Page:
This guy was supposed to be a stud. But alas, this is another tragic but all too common story of a superstar hopeful turned average to sub-par in the professional arena. I can’t really hold that against a guy given the hyper competitive landscape of Major League Baseball. Kazuo was a rock star in his pre-2004 days so we have to at least give him that. His BA in the Japanese league between 1997 and 2003 was consistently above .300. For his entire American tenure, however, he would only touch a BA above .300 for a small portion of 2006 when he was traded to the Colorado Rockies. Kazuo ended his career in 2010 with the Houston Astros and would amass a lousy .141 BA that year for an American career AVG of .267. I’ve seen worse, much worse. Aside from 2010, his AVG was always in the mid to high .2s. I wouldn’t say he wasn’t talented but I wouldn’t put him in the elusive superstar category. Nonetheless, he did receive a decent salary for his total career and enjoyed a brief but mild amount of collectibility in 2004.
Shown is the Gold Refractor parallel of Kazuo Matsui’s 2004 Bowman Chrome card. This card once and for a very brief moment garnered some attention. Kazuo was even hot enough to grace the cover of Beckett Magazine. I can remember the cover; I can clearly remember the year. Between the death of Ronald Reagan, the airing of the final episode of Friends, the Montreal Expos announcing their move to Washington DC, and the Boston Red Sox winning their first World Series since 1918 was this kid from Japan coming to America to play for the New York Mets of the National League. 2004 was a different time.
Like many of us, I didn’t know much about Kazuo Matsui when he first appeared on the scene. Initially, I thought he may be related to Hideki Matsui but that would be about as accurate as assuming that skateboarding legend, Jamie Thomas is related to baseball HOFer, Frank Thomas. Common last names are no more than just that… common last names.
I bought this 2004 Bowman Chrome Gold Refractor because I wanted at least one of his best 2004 cards that didn’t possess a relic or an autograph. There’s a funny story behind how I got this card. This card was listed online for an asking price of $39.99 for what seemed like forever. Okay, not forever obviously, but for several months. Anyway, there was a Best Offer option tied to the listing. I thought, what the hell, and placed a laughably low offer or $7, and it took! This leads me to believe the seller was hoping to get whatever he or she could by using the reflective high tag strategy. This is something that’s difficult to notice as a potential buyer and a low-ball offer has potential to backfire and offend the seller, which is something we want to avoid. It’s one of the very few times I’ve been successful at assuming an ultra low offer would have any chance of survival. Often times, high price tags on marginal items of varying significance equate to bloated zeal and an imperfect understanding of actual market value. I.e., some sellers think we’re idiots and try to rip us off. Or, they just want to show off their collection and have no interest in selling. Shameful, disgraceful, deplorable, egregious, [insert other adjectives here]. It’s all stupid.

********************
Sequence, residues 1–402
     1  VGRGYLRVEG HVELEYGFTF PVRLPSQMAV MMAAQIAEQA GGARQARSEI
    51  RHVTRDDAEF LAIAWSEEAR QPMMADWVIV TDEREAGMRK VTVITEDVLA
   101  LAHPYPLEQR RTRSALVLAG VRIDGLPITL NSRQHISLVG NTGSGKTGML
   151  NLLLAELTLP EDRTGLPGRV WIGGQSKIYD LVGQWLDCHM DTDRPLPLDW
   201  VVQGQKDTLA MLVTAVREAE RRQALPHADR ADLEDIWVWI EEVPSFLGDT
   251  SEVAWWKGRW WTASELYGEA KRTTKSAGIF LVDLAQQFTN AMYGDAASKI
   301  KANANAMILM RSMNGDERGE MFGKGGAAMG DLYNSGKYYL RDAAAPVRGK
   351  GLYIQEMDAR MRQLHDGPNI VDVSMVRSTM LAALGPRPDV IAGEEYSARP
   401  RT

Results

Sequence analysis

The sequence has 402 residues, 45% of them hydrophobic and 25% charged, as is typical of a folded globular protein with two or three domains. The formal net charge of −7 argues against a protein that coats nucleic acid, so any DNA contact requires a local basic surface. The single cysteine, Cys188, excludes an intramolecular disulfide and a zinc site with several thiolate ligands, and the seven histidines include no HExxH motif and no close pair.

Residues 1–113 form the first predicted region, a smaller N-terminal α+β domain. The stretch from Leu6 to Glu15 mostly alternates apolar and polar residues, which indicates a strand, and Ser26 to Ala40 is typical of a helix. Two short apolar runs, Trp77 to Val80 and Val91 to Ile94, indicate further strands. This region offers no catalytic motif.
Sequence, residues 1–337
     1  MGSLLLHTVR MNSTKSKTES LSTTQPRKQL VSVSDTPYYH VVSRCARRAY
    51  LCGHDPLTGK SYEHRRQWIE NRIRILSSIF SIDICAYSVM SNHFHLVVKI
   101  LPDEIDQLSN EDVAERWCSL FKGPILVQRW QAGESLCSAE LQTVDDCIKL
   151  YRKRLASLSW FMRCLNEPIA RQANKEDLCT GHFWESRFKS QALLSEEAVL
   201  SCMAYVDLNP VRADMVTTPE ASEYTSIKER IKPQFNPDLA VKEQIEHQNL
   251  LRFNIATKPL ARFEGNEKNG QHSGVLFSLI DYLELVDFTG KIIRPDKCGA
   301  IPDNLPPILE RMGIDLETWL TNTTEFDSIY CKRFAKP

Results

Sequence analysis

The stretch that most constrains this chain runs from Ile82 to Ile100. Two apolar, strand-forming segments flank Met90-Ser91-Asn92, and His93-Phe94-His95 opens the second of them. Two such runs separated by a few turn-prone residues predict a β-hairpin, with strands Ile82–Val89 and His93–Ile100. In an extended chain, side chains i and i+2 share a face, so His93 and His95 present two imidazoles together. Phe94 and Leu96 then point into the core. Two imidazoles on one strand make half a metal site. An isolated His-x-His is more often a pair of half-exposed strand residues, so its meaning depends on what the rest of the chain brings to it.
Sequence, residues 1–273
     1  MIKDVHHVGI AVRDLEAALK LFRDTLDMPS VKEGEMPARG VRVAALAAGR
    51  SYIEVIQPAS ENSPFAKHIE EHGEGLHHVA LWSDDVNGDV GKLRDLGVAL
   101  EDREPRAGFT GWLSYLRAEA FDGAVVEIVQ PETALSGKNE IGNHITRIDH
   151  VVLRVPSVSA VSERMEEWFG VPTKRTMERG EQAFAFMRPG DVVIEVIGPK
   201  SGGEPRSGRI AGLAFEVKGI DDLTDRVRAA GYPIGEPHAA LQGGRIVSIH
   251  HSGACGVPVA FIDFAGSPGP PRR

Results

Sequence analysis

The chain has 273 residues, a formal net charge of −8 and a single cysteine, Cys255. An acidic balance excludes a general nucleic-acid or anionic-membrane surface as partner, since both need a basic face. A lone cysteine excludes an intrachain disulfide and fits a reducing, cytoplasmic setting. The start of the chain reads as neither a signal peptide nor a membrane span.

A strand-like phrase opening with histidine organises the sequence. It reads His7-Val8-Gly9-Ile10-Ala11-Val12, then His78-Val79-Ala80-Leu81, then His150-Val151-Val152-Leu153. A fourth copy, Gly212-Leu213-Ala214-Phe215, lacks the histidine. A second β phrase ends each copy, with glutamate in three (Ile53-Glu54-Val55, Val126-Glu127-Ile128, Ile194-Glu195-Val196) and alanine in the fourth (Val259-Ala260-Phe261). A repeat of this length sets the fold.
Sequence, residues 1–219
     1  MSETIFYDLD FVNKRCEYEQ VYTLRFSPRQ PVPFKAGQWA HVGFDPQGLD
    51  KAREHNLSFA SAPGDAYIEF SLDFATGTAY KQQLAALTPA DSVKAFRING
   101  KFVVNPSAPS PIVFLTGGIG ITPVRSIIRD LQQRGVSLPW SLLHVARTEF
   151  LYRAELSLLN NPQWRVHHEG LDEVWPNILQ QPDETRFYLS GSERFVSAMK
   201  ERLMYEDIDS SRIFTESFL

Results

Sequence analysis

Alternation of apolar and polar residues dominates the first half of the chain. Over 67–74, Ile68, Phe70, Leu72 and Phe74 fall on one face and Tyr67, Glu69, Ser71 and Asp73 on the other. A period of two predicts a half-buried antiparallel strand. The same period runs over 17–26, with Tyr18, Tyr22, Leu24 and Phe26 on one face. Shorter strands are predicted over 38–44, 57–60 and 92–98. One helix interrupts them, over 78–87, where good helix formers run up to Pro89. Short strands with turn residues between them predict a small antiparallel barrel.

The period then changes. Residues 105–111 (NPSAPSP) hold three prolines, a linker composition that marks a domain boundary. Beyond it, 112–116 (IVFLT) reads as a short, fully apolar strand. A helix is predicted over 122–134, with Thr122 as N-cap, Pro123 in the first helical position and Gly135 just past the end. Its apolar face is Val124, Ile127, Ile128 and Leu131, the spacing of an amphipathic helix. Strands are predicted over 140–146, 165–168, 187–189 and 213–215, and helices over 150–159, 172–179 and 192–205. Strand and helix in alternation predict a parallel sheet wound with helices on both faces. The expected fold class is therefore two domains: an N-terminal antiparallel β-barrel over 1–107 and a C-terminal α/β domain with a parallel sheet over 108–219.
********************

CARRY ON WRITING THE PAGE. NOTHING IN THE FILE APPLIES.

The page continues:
I’m glad to have this card in the archive even though it’s only worth $7. I like it and it fits in well with my semi-star to star rookie card collection, which is small. I’m picky with what I buy. It has to mean something. This card means I spent $7. I kid; it actually means I cherish memories from 2004 and in a lot of ways, baseball cards are memories.
What’s one event you remember from 2004?